History of Make-up
Makeup has been in existence since the times of the Early Egyptians, Greeks, Chinese, Romans and Elizabethans before the 21st century . Here ‘s a brief history of make .
Men and women in Egypt used scented oils and ointments to clean and soften their skin and to mask body odor. Cosmetics was and still is an integral part of Egyptian hygiene and health. Myrrh, thyme, marjoram, chamomile, lavender, lily, peppermint, rosemary, cedar, rose, aloe, olive oil, sesame oil, and almond oil provide the basic ingredients of most perfumes that Egyptians used in religious ritual.
Egyptian women would apply galena mesdemet (made of copper and lead ore) and malachite (bright green paste of copper minerals) to their faces for color and definition. They employed a combination of burnt almonds, oxidized copper, different-colored coppers ores, lead, ash, and ochre — together called kohl — to adorn the eyes in an almond shape. Women carried cosmetics to parties in makeup boxes and kept them under their chairs.
Chinese people began to stain their fingernails with gum arabic, gelatin, beeswax, and egg. The colors used represented social class: Chou dynasty royals wore gold and silver, with subsequent royals wearing black or red.
Grecian women painted their faces with white lead and applyed crushed mulberries as rouge. The application of fake eyebrows, often made of oxen hair, was also fashionable.
Chinese and Japanese citizens commonly used rice powder to make their faces white. Eyebrows shaved off, teeth painted gold or black and henna dyes applied to stain hair and face.
Grecian’s whitened their complexion with chalk or lead face powder and fashioned crude lipsticks out of ochre clay’s laced with red iron.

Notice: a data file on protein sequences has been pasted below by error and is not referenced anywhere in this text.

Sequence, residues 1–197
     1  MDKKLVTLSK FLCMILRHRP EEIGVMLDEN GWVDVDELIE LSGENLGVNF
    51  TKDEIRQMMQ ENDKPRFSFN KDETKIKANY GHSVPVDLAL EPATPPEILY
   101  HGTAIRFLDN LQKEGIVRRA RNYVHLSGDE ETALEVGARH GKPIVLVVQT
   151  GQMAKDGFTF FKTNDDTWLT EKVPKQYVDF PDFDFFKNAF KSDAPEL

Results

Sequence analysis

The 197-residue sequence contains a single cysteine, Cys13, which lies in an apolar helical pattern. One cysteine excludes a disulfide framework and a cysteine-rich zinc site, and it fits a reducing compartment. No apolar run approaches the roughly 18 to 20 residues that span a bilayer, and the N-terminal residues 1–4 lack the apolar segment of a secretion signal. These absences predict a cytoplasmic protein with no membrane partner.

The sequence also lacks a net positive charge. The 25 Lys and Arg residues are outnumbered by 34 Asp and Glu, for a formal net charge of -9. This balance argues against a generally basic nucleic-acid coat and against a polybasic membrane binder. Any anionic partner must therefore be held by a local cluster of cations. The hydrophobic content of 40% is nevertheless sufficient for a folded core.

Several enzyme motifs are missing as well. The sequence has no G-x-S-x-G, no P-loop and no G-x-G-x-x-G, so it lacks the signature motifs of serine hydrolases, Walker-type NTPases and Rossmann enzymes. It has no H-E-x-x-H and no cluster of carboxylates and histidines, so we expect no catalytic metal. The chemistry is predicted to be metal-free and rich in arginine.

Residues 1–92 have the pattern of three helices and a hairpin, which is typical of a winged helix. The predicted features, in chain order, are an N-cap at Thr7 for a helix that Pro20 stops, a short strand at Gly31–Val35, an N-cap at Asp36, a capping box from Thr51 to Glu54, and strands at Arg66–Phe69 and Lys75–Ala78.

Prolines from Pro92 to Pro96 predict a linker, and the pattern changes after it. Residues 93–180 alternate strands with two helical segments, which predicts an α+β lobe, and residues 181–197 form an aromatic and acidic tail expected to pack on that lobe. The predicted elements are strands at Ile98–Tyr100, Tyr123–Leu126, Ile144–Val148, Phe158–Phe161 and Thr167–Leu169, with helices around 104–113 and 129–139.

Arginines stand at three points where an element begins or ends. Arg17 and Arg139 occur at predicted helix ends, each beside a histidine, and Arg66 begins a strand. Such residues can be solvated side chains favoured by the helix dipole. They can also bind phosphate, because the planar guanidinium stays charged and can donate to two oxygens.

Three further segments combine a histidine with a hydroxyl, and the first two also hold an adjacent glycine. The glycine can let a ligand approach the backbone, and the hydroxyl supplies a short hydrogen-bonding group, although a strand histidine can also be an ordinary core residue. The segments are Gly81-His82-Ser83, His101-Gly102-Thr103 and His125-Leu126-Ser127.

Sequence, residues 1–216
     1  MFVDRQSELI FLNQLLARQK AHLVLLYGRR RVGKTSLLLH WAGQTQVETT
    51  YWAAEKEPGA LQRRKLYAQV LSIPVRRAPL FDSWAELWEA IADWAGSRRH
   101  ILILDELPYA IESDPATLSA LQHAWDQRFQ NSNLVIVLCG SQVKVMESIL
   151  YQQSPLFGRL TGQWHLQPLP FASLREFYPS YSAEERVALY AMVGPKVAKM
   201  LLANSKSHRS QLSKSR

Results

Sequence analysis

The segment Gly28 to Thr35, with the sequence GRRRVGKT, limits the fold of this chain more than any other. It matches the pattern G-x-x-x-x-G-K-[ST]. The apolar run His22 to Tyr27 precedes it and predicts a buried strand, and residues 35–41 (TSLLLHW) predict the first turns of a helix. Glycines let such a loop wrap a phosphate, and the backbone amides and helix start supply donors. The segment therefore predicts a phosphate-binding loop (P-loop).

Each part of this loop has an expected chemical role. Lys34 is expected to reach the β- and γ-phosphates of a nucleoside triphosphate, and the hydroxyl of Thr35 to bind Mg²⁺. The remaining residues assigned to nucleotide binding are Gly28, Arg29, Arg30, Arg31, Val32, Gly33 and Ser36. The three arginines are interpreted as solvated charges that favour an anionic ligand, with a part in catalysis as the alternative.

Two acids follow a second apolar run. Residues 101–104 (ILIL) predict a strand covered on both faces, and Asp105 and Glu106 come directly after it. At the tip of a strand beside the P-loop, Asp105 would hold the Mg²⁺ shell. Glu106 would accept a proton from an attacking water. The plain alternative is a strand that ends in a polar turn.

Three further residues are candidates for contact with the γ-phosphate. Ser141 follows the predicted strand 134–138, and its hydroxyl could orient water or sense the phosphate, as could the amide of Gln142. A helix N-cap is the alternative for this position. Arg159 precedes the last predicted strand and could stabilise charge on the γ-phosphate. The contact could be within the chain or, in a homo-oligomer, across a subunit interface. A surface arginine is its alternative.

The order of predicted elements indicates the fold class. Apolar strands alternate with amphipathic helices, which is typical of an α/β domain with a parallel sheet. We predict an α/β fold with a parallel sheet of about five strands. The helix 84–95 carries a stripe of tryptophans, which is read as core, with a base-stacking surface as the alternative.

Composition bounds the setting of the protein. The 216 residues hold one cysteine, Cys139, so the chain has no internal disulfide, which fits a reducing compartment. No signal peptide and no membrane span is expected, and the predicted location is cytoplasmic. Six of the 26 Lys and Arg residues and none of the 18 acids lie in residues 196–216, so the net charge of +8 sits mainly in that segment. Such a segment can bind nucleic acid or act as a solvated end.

In Rome, people used to put barley flour and butter on their pimples and sheep fat and blood on their fingernails for polish. In addition, mud baths came into vogue, and some Roman men dyed their hair blond.
Henna was used in India as a hair dye and in mehndi, an art form in which complex designs were painted on to the hands and feet, especially before a Hindu wedding. Henna was also used in some North African cultures.
COSMETICS IN THE MIDDLE AGES
As a result of the Crusades, perfumes were first imported to Europe from the Middle East.
In Elizabethan England, dyed red hair came into fashion. Society women wore egg whites over their faces to create the appearance of a paler complexion. Yet, some thought cosmetics blocked proper circulation and therefore posed a health threat.
1400 – 1500 AD:
In Europe, only the aristocracy used cosmetics, with Italy and France emerging as the main centers of cosmetics manufacturing. Arsenic was sometimes used in face powder instead of lead.
The modern notion of complex scent-making evolves in France. Early fragrances were amalgams of naturally occurring ingredients. Later, chemical processes for combining and testing scents supersede their arduous and labor-intensive predecessors.
European women often attempted to lighten their skin using a variety of products, including white lead paint. Queen Elizabeth I of England was one well-known user of white lead, with which she created a look known as “the Mask of Youth.” Blonde hair rose in popularity as it was considered angelic. Mixtures of black sulfur, alum, and honey were painted onto the hair and left to work in the sun.
19TH AND EARLY 20TH CENTURY COSMETICS
Zinc oxide became widely used as a facial powder, replacing the previously used deadly mixtures of lead and copper. One such mixture, Ceruse, made from white lead, was later discovered to be toxic and blamed for physical problems including facial tremors, muscle paralysis, and even death.
Queen Victoria publicly declared makeup improper. It was viewed as vulgar and acceptable only for use by actors.
In Edwardian Society, pressure increased on middle-aged women to appear as young as possible while acting as hostesses. Increased, but not completely open, cosmetic use was a popular method of achieving this goal.
Beauty salons increase in popularity, though patronage of such salons was not necessarily accepted. Because many women were loathe to admit that they needed assistance to look young, they often entered salons through the back door.
As much as a lot of Beauticians/ Makeup artists find all this history about makeup boring and not useful, its important that we have a knowledge about what we are going into. I hope my fellow makeup artists find this very useful and not boring.:)